AAWSo my goal is to become fluent. If we were having coffee right now, I would talk to you in Iñupiaq and translate myself. For non-Iñupiaq speakers, talking to me would take twice as long, but I want both to use my language and have people still understand me. I want to make this my new norm, and people will have to adjust. The language is the most important thing to bring forward.

KBBSo it’s a way of prioritizing the Iñupiaq language and Iñupiaq-language speakers?

AAWYes, in my dreams I have ancestors who are encouraging me and talking to me, so I feel like it’s my responsibility, and I love putting it in my art. Being an indigenous artist we have cultural responsibilities, and with that we have to take ideas that don’t always mesh and make them sing together. And that’s okay; it’s a gift, but it is challenging.

KBBAnd you are performing on January 9 at Abrons Art Center in New York as part of Emily Johnson’s ongoing project Kinstillatory Mappings in Light and Dark

AAWI’m very excited about Emily’s project and this gathering of indigenous performers. I think it’s an important project, and she sacrificed a lot of her own artistic time to do this administrative work and connect people across the world. I really support her in that vision and am glad to be included. It feels very natural to be included in indigenous-led spaces, but I’ll be performing twice at the Association of Performing Arts Professionals, which is not an indigenous-led space, which usually requires a lot of education, misconceptions that need to be addressed—there’s just a lot of layers that you have to sort through to be seen. It’s more the presenters and helping them to understand. I think there’s a lot of fear around working with indigenous performers, so there’s a lot of work that needs to be done on the side of presenters, and it feels heavy. But I’m excited and I am really thankful to be part of the Western Arts Alliance’s Native Launch Pad program. It’s their first time doing it, so we’re just trying to get our feet on the ground and figure it out together. We’ve been having those conversations that should have happened twenty, thirty years ago. We just have to be super patient.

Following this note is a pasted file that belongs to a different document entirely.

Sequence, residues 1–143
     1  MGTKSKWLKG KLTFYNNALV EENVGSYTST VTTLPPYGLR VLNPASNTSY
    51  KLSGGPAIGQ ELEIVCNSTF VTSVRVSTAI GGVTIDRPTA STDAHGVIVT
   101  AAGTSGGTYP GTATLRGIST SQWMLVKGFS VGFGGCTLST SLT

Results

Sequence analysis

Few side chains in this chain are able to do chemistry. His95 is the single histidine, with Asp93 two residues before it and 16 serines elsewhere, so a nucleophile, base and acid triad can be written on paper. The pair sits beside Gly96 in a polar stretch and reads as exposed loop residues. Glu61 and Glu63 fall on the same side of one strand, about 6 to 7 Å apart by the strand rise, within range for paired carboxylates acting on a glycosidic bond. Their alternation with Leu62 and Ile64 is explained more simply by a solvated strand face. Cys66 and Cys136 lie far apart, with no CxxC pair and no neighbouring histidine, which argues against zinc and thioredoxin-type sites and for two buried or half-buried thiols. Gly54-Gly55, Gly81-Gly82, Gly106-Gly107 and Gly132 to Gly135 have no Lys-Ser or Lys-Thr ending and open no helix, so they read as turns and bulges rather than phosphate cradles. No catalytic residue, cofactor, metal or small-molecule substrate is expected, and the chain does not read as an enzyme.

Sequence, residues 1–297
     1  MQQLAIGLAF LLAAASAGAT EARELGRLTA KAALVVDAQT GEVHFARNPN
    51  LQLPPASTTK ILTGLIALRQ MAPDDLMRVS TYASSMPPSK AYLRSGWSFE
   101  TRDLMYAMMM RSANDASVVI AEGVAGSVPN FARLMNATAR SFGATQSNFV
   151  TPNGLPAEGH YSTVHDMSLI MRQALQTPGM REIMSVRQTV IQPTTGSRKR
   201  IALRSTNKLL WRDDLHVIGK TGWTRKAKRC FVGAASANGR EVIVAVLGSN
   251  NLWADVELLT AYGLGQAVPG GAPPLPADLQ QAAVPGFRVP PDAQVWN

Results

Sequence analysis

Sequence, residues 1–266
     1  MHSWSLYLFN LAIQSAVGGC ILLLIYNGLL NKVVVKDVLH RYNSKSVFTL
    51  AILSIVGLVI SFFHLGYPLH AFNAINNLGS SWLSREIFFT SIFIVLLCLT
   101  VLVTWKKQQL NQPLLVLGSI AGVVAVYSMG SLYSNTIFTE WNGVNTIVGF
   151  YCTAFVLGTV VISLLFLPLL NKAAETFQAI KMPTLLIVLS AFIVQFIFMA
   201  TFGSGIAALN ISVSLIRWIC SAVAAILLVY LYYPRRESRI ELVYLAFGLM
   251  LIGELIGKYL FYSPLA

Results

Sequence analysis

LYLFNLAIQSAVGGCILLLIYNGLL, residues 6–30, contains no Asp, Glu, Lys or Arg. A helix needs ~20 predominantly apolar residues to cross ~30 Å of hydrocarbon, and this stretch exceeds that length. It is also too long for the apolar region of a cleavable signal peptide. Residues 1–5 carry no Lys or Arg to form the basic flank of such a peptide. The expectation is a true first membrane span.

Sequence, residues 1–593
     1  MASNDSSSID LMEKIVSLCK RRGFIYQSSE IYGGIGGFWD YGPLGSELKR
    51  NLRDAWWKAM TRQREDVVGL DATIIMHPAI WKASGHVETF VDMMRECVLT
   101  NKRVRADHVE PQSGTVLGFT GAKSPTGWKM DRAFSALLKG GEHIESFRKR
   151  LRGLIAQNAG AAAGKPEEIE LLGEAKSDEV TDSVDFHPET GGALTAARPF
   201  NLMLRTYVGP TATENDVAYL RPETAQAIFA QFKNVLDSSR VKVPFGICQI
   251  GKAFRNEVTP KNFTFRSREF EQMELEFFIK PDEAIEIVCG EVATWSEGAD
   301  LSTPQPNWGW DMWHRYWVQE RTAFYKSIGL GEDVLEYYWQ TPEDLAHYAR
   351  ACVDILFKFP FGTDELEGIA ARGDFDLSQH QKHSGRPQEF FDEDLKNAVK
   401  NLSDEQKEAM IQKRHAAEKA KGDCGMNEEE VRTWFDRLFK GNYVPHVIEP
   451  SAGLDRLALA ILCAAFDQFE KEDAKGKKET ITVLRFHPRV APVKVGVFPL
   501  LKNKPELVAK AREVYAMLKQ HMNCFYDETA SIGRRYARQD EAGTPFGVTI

KBBSo, what’s next for your new Iḷuqavsi nakuuqsisitchi avanmun genre?

AAWI want to develop that piece, everybody heal yourselves, for non-installation where people are sitting in their seats in an audience. I haven’t done that kind of work in a while. I am also writing a novel that takes place in New York and working on my albums. I chose hip hop because my Iñupiaq young people are listening to it, so I wanted to put our voice out there too. It’s different because I rap as animals and use a lot of performance-art techniques and humor. People tend to think hip hop or rap lives in a very specific box, but it actually branches out into more areas. Social practice? I like that word. It’s interesting to try to do everything all at once, to live omni-directionally.

KBBRight, and that’s why you are inventing and naming a new genre.

AAWYeah, which will always be a really long Iñupiaq word. That’s what I love about the language, it’s fun.

Allison Akootchook Warden is performing on January 9 with Dåkot-ta alcantara-camacho and Thomas E.S. Kelly in the Abrons Art Center courtyard as part of Kinstillatory Mappings in Light and Dark (curated by Emily Johnson), and the indigenous-led First Nations Dialogue Lenapehoking/New York.

Katherine Brewer Ball is a writer based in Brooklyn. She teaches Performance Studies at Wesleyan University and is currently at work on a book project that traces contemporary black, latinx, and queer performances that break from the language of freedom to theorize escape. Brewer Ball curates performance and art events, including the New York City performance salon Adult Contemporary.